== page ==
in London, sitting in a pub on the banks        telling the

of the river Thames, eating fish and                news

chips and watching the people go by. I’m

still pinching myself! … London is

everything we thought it would be,

and more! Tomorrow is going to be a

busy day… Some of us are visiting

Shakespeare’s house in Stratford-upon-

Avon and the others are going to Thorpe

Park –if it doesn’t rain!...

But …..

Okay, have to go now! It’s almost time         reason for

for ‘me tea, dearie’! (Did that sound              ending the

 British?). I’ll send you your next                  letter

update from Helsinki and

I’ll try to fit in some pictures!

Lots of love,                                              ending

Stefanos                                                 salutation



The Internet is a marvelous source for materials and many sites are free or at least give a free preview so that you can get ideas.

Useful sites for finding materials on the Internet (search with Google) (Dave Sperling) /linguascope free preview (hot potato 6 - free authoring suite)


However, where advanced technology is not available young children especially should be encouraged to find pictures themselves for projects. Personal photos may be used to allow them to talk about the familiar. Simple stick drawings on the board by the teacher can illustrate people and objects. These can create amusement and improve self-esteem if a child recognizes that they are more talented than the

teacher. (the drawings below were downloaded free from ‘clipart’)


Young children like to move around the classroom and learn through doing as we know. Role plays can be prompted by pictures of situations (like the ‘clip art’ drawings) easily mounted on simple flash cards.

Flash cards should be clearly drawn and large enough for the whole class to see if blu-tacked to the blackboard. Use a thick pen to draw. They can be cut from magazines etc. They must be simple. They can be made on a piece of white card and used again and again. Commercially made flash cards are a little expensive but if they can be used for many different activities it may be worth investing in a pack.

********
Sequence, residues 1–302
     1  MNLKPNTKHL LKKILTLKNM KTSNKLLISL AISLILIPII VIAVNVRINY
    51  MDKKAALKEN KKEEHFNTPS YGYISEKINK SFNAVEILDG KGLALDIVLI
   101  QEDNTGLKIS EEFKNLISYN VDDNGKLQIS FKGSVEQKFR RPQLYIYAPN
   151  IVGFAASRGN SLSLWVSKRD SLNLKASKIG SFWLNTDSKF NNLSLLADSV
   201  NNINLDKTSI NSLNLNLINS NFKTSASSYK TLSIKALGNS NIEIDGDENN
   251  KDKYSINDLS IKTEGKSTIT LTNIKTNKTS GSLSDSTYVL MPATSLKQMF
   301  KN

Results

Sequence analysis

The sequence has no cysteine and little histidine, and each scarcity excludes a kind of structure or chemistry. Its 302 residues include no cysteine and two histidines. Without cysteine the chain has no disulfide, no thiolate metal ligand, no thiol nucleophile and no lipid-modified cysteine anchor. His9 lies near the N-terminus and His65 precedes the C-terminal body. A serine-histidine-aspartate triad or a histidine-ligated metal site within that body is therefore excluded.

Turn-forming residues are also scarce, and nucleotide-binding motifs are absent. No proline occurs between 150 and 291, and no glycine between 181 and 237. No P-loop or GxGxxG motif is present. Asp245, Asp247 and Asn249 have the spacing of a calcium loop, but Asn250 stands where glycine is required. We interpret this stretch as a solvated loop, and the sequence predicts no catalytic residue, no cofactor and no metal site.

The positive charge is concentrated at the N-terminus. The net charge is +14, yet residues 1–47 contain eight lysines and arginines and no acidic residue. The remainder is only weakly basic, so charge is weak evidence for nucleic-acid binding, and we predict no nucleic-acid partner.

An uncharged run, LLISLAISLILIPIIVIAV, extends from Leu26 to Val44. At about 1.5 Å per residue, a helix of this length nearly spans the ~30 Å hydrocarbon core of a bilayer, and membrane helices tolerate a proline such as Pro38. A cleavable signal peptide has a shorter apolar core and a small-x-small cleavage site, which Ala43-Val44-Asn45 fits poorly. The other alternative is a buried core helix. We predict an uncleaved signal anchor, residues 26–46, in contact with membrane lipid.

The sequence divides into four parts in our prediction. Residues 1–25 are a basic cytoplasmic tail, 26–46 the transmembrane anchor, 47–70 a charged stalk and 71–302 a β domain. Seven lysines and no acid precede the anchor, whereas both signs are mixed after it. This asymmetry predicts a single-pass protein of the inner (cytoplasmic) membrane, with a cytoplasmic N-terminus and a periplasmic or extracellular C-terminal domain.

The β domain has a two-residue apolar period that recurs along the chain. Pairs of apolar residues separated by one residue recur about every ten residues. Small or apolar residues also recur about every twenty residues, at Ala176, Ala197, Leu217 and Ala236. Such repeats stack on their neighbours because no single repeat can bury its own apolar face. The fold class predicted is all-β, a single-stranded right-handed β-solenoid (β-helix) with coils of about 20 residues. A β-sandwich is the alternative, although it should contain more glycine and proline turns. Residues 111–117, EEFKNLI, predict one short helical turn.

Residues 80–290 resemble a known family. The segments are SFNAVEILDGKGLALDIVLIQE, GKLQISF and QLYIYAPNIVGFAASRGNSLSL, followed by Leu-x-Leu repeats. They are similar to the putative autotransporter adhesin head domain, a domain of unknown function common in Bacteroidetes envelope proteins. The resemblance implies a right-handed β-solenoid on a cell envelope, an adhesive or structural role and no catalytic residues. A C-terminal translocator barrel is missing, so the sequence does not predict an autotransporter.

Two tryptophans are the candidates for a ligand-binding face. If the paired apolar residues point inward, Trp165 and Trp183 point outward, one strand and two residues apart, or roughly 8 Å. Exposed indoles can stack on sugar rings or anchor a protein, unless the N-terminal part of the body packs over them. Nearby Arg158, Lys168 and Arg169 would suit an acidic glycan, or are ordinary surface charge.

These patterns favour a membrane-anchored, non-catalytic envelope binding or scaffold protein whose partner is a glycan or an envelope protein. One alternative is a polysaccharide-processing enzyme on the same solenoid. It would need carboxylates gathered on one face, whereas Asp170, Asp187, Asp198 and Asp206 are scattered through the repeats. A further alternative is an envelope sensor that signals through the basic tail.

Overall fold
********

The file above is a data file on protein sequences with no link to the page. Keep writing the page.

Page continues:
The OHP can and should be used for helping the visual learner if there is no computer available. They are available in all almost schools (look for them) and you will find that the hyperactive learner is always willing to carry it to the classroom for you. The advantage of the over head projector is that the teacher need not turn his or her back. Thus exercises can be done while facing the class and can be prepared at home so that less time is lost. Transparencies of basic EFL teaching topics such as the difference between formal and informal letters (for lyceum students) can be copied from the course books, saved on WORD, added to, in order to highlight where dates, addresses and so on are written, then they can be printed in colour on good transparencies from the computer and used over and over again. Other less expensive transparencies can be used with water soluble (non-permanent) pens in a similar manner to the white /black board.


Finally, the Internet is, as I have already mentioned, a brilliant source of material. ‘You tube’ video clips are easily downloaded and can be shown to great effect to all ages and levels. English is the world’s foremost, second language and we should be exploiting the benefits it offers us. We no longer ride a donkey to work, we use washing machines with ease, I’m reasonably sure that every single Greek, irrespective of age or economic viability, uses a mobile telephone. Computers bring their share of problems along with unsuitable television programmes and mobiles. However, the benefits to learning, especially for visual learners (like me to count one), if used judiciously, are not to be ignored. For example see the wonderful video of deaf children singing Imagine below.

Glee_Imagine.wmv (5,7 MB)